If you’ve been going to the same doctor for years, their records will likely reflect your health over the years. But if you’ve switched doctors or don’t have a regular family physician, it’s important that you keep a record of your health to ensure your doctor has an accurate understanding of your health over your lifetime.
If you’ve recently switched doctors, your former doctor’s office can help arrange to transfer your file, which will contain records from your physical exams and other visits, as well as lab results and other tests you may have had over the years. Your own records can also be helpful.
Before your visit, make a list of any major physical or mental conditions you may have had, the date you were diagnosed, and how you were treated. Your doctor should also be aware of any known food or drug allergies and any complications you may have experienced as the result of a medical condition or treatment. Don’t forget to mention if you are being treated by any other health care providers, including for mental health issues. You should also record any medications you may be using, including over-the-counter and herbal products, as well as your vaccination history.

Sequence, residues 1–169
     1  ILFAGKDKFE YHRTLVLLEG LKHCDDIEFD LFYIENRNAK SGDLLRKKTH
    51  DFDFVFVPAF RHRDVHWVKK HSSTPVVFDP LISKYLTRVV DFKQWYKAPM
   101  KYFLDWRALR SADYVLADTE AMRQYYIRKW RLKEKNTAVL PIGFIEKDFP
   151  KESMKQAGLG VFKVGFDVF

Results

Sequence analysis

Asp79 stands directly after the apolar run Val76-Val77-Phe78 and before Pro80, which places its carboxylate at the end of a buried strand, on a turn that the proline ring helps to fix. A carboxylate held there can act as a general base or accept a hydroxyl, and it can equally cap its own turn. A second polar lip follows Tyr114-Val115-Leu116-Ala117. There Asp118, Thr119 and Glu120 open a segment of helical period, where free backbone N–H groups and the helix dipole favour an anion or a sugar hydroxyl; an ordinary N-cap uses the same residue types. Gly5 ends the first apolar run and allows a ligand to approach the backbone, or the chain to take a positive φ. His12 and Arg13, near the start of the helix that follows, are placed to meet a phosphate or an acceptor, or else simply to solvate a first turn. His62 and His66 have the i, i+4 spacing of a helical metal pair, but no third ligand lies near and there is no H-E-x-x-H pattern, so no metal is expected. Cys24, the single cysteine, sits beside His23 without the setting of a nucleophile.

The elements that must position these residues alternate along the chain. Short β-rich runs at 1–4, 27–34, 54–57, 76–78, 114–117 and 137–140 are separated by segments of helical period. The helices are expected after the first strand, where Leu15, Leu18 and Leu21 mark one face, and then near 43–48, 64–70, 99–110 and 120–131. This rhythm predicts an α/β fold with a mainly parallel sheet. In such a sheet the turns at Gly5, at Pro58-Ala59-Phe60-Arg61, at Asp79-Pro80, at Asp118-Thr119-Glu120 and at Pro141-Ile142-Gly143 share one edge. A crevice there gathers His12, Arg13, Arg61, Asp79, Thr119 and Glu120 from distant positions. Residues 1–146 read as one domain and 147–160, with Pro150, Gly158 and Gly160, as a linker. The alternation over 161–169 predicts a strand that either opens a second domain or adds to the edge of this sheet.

Family medical history
Genetic factors play a role in the development of many conditions, including Alzheimer’s disease, some types of cancer, depression, diabetes, heart disease, high blood pressure, and many more. While having a family member who was diagnosed with a medical condition is no guarantee you will develop it too, it could raise your risk. That’s why a look back at your family’s medical history can be an important glimpse into your own health future.